Monday, March 12, 2012

Law on same-sex marriages mean churches 'will be forced to conduct gay weddings'

By Steve Doughty

(Mail Online) A law to allow same-sex marriages will force Christians to conduct gay weddings in church, it was claimed yesterday.

An analysis of equality law by Church of England lawyers suggests assurances from David Cameron and his ministers that no church will be compelled to provide such ceremonies are worthless.

Ministers have repeatedly said since the plan for same-sex marriage was announced five months ago that it would apply in civil law only and that gay wedding ceremonies would not be imposed on churches.

But lawyers working at the CofE’s Church House headquarters have said equality laws will mean churches have to treat gay couples asking for a wedding in the same way they treat heterosexual couples.

They have told Church leaders that the CofE and other churches do not need to offer civil partnership ceremonies to gay couples because they are legally distinct from marriage.

‘If Parliament were in due course to legislate for same-sex marriage, as recently suggested by the Prime Minister, we would of course be in new territory,’ a paper for the General Synod, the CofE’s parliament, warned.

It added that the question of gay weddings in church ‘would have to be addressed in the course of that new legislation’.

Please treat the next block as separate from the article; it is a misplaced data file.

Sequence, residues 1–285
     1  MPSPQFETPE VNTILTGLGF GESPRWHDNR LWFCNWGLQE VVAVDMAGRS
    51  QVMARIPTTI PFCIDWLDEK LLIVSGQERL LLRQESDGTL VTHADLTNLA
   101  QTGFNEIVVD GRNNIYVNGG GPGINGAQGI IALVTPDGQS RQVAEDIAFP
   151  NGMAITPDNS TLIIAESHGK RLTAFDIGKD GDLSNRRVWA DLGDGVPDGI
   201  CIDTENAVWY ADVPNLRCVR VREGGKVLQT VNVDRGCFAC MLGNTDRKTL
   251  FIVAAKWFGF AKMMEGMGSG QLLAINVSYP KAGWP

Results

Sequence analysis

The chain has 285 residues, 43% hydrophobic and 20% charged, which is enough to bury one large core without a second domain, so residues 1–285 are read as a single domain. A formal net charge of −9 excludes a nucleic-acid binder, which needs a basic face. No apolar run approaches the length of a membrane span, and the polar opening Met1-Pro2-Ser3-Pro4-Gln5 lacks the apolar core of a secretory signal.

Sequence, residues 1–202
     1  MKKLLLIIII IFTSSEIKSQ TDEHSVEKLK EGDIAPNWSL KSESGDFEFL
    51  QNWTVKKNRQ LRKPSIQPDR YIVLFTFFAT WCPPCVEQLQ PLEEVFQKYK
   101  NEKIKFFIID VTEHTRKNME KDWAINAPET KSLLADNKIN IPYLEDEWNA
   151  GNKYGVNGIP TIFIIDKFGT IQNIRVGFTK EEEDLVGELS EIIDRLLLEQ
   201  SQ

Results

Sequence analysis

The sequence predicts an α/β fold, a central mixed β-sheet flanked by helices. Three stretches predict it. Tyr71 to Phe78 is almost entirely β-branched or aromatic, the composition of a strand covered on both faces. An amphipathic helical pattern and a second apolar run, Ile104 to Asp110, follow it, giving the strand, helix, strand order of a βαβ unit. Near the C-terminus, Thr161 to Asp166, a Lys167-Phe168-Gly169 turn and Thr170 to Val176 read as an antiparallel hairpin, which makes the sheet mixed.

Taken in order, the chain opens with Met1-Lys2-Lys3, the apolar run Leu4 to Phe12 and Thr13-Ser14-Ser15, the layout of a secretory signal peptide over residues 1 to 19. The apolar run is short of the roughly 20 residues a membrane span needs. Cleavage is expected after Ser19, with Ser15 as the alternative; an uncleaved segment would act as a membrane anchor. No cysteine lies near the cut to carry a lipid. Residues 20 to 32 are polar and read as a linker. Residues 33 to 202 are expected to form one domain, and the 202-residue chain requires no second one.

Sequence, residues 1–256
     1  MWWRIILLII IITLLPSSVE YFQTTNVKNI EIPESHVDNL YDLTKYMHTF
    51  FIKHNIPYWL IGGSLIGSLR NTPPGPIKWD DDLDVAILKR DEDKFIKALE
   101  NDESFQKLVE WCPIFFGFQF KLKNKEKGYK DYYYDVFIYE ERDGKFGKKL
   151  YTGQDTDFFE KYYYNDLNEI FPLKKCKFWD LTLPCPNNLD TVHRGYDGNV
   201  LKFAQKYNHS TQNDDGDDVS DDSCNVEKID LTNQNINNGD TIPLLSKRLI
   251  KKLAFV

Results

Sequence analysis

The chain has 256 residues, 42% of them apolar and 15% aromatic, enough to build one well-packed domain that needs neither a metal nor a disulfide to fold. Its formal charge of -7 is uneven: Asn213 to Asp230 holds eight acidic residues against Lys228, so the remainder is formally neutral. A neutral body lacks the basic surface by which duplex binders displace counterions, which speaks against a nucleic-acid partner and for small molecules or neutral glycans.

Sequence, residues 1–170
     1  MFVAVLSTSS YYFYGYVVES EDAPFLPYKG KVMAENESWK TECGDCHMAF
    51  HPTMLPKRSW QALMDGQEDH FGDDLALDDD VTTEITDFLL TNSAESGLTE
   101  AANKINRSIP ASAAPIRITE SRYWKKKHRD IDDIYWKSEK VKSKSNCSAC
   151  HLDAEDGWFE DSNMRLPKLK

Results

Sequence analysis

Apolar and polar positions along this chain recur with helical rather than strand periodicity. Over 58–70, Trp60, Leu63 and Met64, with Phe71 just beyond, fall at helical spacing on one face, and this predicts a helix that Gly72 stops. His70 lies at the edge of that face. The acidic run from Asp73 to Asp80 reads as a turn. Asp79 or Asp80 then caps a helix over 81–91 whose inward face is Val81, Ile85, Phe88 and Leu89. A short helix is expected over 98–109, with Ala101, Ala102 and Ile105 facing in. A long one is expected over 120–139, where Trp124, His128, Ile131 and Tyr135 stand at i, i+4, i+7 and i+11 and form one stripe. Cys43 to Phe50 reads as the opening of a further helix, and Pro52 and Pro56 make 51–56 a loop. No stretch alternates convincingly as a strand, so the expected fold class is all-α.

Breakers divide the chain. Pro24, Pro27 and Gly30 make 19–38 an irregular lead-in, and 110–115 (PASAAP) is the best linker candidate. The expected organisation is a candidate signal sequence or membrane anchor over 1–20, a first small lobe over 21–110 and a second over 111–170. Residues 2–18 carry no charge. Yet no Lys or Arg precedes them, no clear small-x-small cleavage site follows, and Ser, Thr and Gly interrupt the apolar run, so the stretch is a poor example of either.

Ministers are expected to lay out plans for same-sex marriage in a consultation paper later this month.

The scheme is expected to propose civil gay marriage, with churches left out.

But equality laws introduced by Labour in 2007 have already disrupted 11 Roman Catholic adoption agencies because they are no longer allowed to decline to place children with gay couples.

And the same laws, now enshrined in the 2010 Equality Act which was voted into law by the Coalition, will, CofE lawyers believe, make churches offer weddings to same-sex couples if the law permits them to marry.

The scheme, which Mr Cameron introduced saying that ‘I don’t support gay marriage in spite of being a Conservative. I support gay marriage because I am a Conservative,’ is expected to propose civil gay marriage, with churches left out and gay wedding ceremonies to be held in state register offices or ‘approved premises’ like stately homes.

It has attracted a series of outspoken attacks from both Anglican and Roman Catholic leaders over the past fortnight.

Yesterday an opinion poll found that a big majority of the population think that gay marriage should not be a priority for the Government and that few more than a third of Tory supporters agree with Mr Cameron...

No comments: